One advantage of college is getting to meet people from all over the world. At first, it is thrilling and, of course, it feels good to know someone from a different country. But you may forget that they aren’t domestic students and you may be less cautious about the things you say to them. So I am here to help by giving you a few tips on what you shouldn’t say to international students.
“Do you know my high school pen pal who is also from your country?”
It is ridiculous to assume that everyone in a country is familiar with each other. Most countries have millions of people. How can you expect an international student to know everyone? You don’t even know all the people in your state, so why do you imagine international students will know all the people in their country? Instead, you can say, “Oh, I once had a friend who was also from your country.”
“Stop complaining about the food, you’re privileged.”
It is difficult to adapt to a new culture. Food is part of the culture, so the meals served at the dining hall might not be similar to what international students are used to eating at home. When they complain about the lack of spice or too much spice, remember that most times they do not mean the dining staff is incompetent. It’s just not what they’re used to.
“You have an accent.”
You have an accent, too. Telling an international student they have an accent is assuming that your country’s accent is the standard the world should follow. It might seem like no big deal to you, but as an international student, it is annoying when people point out your accent. It’s even worse when you proceed to try to guess the country they’re from. Accents do not determine the country someone is from and accents can be similar. Stop, because it’s embarrassing and frustrating. Instead, you can politely point out that their accent is different from yours and ask what country they are from.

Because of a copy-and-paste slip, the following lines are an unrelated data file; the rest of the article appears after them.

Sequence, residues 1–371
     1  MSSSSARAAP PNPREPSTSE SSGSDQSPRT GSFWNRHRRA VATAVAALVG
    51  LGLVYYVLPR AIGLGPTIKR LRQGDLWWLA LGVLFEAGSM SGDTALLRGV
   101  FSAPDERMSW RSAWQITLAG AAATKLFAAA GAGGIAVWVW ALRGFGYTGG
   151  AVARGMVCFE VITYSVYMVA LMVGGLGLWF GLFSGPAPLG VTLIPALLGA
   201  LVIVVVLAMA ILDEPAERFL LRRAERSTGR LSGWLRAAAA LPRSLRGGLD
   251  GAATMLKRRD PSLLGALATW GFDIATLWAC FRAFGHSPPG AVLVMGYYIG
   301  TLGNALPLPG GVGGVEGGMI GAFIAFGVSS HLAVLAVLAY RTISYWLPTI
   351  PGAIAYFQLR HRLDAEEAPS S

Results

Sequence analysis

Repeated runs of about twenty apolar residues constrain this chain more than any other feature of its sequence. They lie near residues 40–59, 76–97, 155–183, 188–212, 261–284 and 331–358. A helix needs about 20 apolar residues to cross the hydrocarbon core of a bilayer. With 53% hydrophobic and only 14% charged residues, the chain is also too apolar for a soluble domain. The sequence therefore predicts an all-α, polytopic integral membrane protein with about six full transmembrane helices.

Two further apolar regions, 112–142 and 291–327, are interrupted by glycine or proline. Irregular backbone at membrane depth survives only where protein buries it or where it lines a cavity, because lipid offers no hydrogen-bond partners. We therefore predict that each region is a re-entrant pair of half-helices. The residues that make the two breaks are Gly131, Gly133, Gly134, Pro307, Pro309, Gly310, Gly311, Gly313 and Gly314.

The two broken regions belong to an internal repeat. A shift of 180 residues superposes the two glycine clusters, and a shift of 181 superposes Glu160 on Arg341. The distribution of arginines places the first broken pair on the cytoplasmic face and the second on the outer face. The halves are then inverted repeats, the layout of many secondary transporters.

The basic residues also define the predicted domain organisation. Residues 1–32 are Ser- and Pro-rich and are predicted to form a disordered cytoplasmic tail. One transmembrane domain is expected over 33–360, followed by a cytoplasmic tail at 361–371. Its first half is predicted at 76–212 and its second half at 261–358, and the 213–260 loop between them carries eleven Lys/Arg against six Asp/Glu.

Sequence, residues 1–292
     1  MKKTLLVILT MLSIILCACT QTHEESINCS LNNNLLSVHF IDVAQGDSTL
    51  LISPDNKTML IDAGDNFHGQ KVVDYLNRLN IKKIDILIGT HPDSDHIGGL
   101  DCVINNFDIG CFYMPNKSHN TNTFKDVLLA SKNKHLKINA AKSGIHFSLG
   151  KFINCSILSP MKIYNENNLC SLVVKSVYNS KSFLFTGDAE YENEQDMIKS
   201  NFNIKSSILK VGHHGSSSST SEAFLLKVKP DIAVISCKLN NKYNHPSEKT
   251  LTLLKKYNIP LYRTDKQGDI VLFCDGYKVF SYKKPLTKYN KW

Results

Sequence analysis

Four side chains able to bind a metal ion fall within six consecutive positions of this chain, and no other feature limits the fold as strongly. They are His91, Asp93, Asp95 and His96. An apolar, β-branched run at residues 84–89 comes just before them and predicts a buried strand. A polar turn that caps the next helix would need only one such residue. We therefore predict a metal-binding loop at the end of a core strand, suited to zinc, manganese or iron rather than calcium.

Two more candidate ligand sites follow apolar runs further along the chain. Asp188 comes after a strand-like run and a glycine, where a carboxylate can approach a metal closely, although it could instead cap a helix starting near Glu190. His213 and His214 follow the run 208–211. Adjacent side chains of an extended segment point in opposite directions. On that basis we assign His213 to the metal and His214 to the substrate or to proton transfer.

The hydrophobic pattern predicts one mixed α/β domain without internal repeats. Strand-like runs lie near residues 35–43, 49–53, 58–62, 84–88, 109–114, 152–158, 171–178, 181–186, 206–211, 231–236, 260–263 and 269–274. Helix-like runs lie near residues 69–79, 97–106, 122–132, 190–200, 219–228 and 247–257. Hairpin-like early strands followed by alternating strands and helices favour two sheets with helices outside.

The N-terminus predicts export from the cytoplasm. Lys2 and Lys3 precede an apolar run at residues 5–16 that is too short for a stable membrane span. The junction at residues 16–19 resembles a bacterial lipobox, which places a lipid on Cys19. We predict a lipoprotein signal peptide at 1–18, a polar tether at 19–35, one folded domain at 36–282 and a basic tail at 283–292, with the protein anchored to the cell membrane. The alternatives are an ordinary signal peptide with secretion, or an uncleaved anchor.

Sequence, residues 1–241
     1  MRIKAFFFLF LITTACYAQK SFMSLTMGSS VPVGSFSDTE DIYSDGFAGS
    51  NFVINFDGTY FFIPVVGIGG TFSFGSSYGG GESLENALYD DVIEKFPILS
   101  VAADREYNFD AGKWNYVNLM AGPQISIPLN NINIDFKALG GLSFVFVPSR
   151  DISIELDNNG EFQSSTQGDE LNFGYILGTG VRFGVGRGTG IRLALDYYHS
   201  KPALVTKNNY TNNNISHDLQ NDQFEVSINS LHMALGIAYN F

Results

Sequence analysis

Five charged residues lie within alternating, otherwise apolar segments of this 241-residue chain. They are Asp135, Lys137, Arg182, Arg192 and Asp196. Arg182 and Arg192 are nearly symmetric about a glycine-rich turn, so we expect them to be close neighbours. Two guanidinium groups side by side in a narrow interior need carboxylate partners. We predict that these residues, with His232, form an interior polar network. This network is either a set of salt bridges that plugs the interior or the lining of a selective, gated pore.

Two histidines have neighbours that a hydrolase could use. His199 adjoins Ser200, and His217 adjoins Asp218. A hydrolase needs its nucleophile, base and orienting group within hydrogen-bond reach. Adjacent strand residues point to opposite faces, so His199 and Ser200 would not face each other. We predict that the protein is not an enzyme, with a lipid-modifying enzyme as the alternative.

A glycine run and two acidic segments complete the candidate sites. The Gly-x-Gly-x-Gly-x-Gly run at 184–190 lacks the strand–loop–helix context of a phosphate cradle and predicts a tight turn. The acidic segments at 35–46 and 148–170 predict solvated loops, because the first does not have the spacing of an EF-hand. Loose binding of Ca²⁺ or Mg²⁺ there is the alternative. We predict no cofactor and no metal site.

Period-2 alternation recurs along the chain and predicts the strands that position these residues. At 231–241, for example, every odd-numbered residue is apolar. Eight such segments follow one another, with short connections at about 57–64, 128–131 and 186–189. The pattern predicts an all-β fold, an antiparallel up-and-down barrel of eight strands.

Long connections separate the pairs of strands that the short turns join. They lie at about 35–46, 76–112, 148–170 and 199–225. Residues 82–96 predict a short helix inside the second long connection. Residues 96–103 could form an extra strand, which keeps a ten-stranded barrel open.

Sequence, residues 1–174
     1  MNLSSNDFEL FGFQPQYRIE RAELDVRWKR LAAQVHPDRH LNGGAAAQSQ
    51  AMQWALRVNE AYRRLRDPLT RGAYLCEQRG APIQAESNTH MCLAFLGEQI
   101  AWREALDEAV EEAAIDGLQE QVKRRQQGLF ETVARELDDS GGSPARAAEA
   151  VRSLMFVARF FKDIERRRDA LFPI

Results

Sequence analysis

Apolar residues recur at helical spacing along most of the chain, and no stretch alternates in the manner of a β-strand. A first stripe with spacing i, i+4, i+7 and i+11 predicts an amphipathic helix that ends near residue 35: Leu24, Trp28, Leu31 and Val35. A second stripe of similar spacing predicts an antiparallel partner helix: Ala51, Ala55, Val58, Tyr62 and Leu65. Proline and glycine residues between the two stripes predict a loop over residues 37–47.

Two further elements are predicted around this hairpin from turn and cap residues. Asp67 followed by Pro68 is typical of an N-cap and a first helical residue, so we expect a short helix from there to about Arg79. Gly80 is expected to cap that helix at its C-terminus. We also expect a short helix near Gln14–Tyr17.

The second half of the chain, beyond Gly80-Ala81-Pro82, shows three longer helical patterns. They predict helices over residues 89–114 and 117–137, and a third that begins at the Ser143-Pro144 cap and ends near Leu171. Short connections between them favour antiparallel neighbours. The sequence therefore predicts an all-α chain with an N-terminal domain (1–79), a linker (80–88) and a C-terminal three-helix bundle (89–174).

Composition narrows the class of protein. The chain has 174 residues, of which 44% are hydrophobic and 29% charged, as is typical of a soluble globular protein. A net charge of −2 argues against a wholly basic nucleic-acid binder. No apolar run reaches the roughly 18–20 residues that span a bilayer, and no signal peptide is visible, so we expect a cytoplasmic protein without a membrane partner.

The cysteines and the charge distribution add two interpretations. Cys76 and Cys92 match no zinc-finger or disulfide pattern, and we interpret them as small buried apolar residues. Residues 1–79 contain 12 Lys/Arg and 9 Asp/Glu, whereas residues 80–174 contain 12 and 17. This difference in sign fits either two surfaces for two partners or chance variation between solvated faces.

“Do you know what this is?”
Stop explaining every little detail to an international student. Just because their first language might not be English does not mean they are less smart or more sheltered than you. If they could write an essay that got them into a US college, assume they might have an idea of what is trending in the world. If they do not, then you can explain it to them without sounding like you are explaining the solar system to a five-year-old.
“What political party do you align with?”
Yes, most people love to make friends with people who have the same views as them, but you have to remember that American politics is not the same as world politics. It is a bit self-centered to believe that an international student should be involved in American politics when you are not involved in theirs. Instead of asking what political party they align with, ask what their political views are.
This article is not intended to make you feel bad. We all make mistakes, that’s why we are constantly learning. I hope you become more conscious when conversing with international students. Hopefully, a friendship will bloom from these conversations!
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